Letters written over a period of several years on the vocation of writing by a poet whose greatest work was still to come.
Anyone who writes poetry, and perhaps even those involved in other forms of creative endeavors, may find the words within this book a mirror of themselves. I say that only because a mirror shows us our current reflection, and as we change throughout our life, the reflection changes with us. The beautiful and gentle expressions Rainer Maria Rilke writes to Franz Kappus are meant for a young poet, but their magnitude and depth are such that they could continue to be an endless source of insight and wisdom as he continued to evolve as a poet. I'm certain that we can all see ourselves in these wonderful words, and we can also witness what we aspire to be.
Even as Rilke admits that Jens Jacobsen, the writer, and Auguste Rodin, the sculptor, taught him something of the depth and enduring quality of creativity, it is always to the poet's own personal experiences and inward impetus, that he continually points to as the true source for art. For it may very well be that a poet is often inspired by these outward influences, it is still to those unique ideas and beautiful emotions that often remain on the edge of his own comprehension that an artist seeks to fully express. As Rainer Maria Rilke so eloquently writes, "To allow the completion of every impression, every germ of a feeling deep within, in darkness, beyond words, in the realm of instinct unattainable by logic...that alone is to live one's art."
The requisite to read these ten letters written over one hundred years ago has endured for generations, and will continue to do so. This is because they are the indispensable words from the heart of an evolved soul and master poet. The words Rainer Maria Rilke writes to Franz Kappus are never harsh, never judgmental, or critical; they are always kind, thoughtful and gentle. By sharing his own deep understanding of the nature of humanity and the creative spirit, Rilke encourages us all to reach for limitless possibilities and discover our own wellspring of being.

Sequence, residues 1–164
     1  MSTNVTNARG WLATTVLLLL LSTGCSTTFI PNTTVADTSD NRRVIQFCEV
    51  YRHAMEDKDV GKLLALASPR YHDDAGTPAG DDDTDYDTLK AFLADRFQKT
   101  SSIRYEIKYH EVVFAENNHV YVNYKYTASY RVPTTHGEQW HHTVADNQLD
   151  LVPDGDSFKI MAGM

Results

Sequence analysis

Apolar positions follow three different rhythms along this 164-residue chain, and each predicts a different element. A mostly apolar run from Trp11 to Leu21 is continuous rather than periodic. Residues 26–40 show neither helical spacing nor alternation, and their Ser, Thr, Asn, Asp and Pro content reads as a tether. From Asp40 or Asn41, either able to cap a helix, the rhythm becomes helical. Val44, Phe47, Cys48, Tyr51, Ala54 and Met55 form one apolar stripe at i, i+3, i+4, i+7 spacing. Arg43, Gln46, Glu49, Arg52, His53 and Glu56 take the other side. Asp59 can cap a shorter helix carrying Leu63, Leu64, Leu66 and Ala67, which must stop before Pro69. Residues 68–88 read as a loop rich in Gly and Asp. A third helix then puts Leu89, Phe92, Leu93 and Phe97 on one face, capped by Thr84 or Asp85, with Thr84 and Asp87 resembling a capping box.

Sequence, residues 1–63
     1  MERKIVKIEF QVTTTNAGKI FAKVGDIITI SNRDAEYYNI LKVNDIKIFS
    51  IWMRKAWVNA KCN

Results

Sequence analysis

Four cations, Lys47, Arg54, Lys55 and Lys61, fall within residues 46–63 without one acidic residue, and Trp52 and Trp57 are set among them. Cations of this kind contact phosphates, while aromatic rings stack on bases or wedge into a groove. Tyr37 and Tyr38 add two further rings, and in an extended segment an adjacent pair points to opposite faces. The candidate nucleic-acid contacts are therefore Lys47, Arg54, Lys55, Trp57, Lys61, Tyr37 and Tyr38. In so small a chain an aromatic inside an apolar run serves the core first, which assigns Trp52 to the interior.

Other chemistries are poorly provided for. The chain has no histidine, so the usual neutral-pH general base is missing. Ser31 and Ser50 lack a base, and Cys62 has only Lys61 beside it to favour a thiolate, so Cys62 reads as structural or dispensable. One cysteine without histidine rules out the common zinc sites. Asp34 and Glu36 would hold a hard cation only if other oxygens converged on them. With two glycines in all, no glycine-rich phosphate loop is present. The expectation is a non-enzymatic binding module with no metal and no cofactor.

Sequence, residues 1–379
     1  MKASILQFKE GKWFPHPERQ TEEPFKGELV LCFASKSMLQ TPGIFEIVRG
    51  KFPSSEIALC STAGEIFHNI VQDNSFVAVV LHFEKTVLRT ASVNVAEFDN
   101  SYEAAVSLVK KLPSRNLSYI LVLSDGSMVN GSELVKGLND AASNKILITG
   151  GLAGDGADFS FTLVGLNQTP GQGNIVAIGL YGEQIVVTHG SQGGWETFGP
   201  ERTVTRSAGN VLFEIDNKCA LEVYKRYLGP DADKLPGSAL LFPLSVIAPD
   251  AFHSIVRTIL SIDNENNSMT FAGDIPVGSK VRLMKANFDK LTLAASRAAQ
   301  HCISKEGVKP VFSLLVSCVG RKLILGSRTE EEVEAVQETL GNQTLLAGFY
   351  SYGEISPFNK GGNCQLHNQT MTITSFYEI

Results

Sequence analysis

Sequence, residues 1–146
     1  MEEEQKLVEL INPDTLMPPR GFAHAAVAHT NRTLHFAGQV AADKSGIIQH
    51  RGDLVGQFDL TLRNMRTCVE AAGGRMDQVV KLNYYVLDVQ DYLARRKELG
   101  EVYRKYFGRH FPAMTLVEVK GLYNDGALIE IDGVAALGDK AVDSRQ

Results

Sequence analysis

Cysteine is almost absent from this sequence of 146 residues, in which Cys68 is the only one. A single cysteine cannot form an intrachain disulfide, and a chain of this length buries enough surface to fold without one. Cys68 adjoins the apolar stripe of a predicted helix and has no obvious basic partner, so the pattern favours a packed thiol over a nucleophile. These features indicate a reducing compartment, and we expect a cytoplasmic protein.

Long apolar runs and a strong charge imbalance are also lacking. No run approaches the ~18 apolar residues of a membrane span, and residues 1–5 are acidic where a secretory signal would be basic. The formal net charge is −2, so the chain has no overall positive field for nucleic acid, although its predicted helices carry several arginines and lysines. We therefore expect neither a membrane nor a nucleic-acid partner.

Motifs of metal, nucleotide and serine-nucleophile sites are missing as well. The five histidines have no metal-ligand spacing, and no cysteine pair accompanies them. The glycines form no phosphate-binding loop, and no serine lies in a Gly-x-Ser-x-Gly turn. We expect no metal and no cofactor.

"It is always my wish that you might find enough patience within yourself to endure, and enough innocence to have faith."
-Rainer Maria Rilke on bringing the inner and outer life into harmony
author of Perfectly Said: when words become art
On solitude and the ability to be childlike (not childish), that is, living in the present moment in appreciation of what simply is, apart from all concepts, occupations and fundamental thinking and answers of security and certainty, Rilke writes:
"There is one solitude and that is great . . . a great inner solitude. Going into oneself and for hours meeting no one - this one must be able to attain. To be solitary, the way one was solitary as a child, when the grownups went around involved with things that seemed important and big because they themselves looked so busy . . . and when one day one perceives that their occupations are paltry, their professions petrified and no longer linked with (real) living . . Only the individual who is solitary is like a thing placed under profound laws, and when he goes out into the morning that is just beginning, or looks out into the evening that is full of happening . . . all status drops from him as a dead man, though he stands in the midst of sheer life. pp. 45-47
Rilke knew that life was creative, an art not grasped by criticism and intellectualism:
"Words of art are of an infinite loneliness and with nothing so little to be reached as with criticism. Only love can grasp and hold and be just toward them." p. 29
This is because life is not about the answers, for truth only stands in relativity, as the intellectual fails to realize, only living in despair or in bogus formulas for safety. For life is about living dangerously in the difficult, not in the comfort zones, which ultimately are not real comfort, but illusion of such. Living in the fast lane but with discernment, there is a balance, like a tamed down Dr. Faust.
"Do not seek the answers, which cannot be given you because you would not be able to live them. And the point is, to live everything. Live the questions now." p. 35
" We must assume our existence as broadly as we in any way can; everything, even the unheard-of, must be possible in it. That is at bottom the only courage that is demanded of us: to have courage for the most strange, the most singular and the most inexplicable that we may encounter."
And finally to sum Rilke's incredible insight,
"Nobody can counsel you and help you, nobody. There is only one single way. Go into yourself."